1. re: bokkyo

                    agree with the rai rai ken post-taste (almost a bit too nuts with the ingredients), really want to try saburi as well.

                    similar recent thread (

                  2. re: davisready

                    I had the cold ramen at Rai Rai Ken for lunch last Friday, and I thought it was good, although I agree there were possibly a few too many ingredients. Being a total carb addict, I could have used a much higher ratio of noodle-to-topping. I wasn't fond of the apple slices they threw in there either--aside from being kind of large, indelicate slices, the texture was mushy. I've never had cold ramen anywhere else though, so I don't know if this is normal for the dish. As a whole though I liked it, and I'm looking forward to trying this dish elsewhere.

                  3. sapporo on 49th street, just east of 7th ave, makes a good, generously portioned hiyashi chuka. menchanko tei, mentioned above, is also nice.

                    2 Replies
                    1. re: david sprague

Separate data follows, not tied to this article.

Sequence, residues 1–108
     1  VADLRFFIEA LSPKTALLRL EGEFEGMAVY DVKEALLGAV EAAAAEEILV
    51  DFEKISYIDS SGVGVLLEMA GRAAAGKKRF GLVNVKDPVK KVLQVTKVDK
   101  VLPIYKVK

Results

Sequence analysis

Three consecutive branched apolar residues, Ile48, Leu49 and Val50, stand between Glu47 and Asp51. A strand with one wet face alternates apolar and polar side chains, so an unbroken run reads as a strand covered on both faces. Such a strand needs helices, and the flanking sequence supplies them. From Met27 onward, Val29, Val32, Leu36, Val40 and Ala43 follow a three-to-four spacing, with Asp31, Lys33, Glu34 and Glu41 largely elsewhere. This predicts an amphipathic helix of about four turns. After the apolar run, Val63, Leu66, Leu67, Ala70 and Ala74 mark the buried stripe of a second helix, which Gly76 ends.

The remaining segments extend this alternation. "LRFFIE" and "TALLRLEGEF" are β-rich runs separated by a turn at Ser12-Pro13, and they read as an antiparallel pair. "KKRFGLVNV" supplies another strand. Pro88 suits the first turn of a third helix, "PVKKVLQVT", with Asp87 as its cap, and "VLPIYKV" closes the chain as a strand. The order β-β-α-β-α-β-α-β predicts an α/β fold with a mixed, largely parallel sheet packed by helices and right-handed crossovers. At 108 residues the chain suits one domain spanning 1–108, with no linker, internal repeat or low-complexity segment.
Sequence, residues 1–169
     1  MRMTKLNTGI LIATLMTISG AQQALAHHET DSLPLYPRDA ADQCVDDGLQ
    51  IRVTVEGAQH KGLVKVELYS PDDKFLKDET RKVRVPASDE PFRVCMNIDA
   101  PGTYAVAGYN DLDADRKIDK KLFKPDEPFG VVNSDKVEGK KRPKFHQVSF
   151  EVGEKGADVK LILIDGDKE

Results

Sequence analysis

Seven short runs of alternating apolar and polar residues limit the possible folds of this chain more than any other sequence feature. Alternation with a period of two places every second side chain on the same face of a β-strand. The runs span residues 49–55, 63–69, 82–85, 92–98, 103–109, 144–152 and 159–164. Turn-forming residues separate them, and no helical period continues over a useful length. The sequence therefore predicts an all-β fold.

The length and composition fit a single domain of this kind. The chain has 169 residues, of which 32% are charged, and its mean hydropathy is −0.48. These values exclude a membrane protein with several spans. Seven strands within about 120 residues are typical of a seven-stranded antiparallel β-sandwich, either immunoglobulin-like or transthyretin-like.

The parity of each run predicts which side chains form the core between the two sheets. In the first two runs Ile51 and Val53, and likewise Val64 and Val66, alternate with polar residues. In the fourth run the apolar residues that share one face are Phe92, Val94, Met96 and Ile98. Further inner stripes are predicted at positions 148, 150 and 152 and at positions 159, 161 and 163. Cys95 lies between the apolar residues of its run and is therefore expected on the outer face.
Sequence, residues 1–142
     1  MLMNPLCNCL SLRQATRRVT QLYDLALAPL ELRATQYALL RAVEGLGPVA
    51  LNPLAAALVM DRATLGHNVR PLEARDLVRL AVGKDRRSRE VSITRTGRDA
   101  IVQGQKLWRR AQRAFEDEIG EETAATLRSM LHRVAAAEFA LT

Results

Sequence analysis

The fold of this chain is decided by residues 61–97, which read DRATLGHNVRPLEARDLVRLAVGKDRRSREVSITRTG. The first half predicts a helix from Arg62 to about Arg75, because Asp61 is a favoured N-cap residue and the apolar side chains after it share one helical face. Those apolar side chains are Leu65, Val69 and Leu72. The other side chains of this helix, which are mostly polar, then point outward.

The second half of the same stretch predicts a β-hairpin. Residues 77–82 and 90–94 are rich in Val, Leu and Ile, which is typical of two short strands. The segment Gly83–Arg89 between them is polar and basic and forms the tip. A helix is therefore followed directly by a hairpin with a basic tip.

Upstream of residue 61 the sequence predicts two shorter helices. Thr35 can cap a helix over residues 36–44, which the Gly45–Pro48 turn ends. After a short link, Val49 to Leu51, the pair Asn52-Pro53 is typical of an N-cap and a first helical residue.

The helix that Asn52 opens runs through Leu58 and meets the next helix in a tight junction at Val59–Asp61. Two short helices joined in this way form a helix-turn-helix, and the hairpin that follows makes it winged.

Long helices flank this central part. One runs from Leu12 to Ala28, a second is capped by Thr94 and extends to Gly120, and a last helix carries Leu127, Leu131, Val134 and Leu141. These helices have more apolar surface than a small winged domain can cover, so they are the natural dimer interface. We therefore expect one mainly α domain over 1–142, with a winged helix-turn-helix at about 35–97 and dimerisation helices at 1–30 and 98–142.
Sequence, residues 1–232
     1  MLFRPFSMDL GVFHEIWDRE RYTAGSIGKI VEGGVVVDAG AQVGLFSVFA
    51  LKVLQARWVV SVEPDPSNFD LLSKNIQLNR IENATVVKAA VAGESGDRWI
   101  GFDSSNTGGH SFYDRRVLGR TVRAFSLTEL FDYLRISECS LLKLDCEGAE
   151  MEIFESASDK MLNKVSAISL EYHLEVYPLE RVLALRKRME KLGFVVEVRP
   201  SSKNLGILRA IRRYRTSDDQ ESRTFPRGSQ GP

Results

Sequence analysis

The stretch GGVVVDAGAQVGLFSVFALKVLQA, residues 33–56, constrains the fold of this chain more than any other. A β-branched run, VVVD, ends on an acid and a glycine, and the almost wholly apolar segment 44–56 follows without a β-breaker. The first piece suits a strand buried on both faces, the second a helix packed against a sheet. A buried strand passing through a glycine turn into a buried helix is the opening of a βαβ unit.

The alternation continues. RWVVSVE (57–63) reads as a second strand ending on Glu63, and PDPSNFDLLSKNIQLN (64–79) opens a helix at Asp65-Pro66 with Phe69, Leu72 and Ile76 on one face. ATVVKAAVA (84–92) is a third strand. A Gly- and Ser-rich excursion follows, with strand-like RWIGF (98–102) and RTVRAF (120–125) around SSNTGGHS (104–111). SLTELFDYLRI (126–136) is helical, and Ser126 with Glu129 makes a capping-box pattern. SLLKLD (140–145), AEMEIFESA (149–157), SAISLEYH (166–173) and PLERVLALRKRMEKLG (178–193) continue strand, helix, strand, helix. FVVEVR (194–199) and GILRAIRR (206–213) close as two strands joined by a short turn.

I think Sapporo's Hiyashi Chuka had changed over the past few years, then it was more "purist," i.e. less meats but I think about a couple years ago they started to add chicken and their version had become noticeably "sweeter."

                      1. re: bokkyo

                        i am glad you said that, i noticed the change as well. i dont like it so much now.

                    2. The best ramen I've ever had was in a very nondescript restaurant on 56th (btwn 5th and 6th). I can't remember its name but its sign reads "Lamen" and its on the south side of the street. It has a mostly Japanese clientele and modest prices.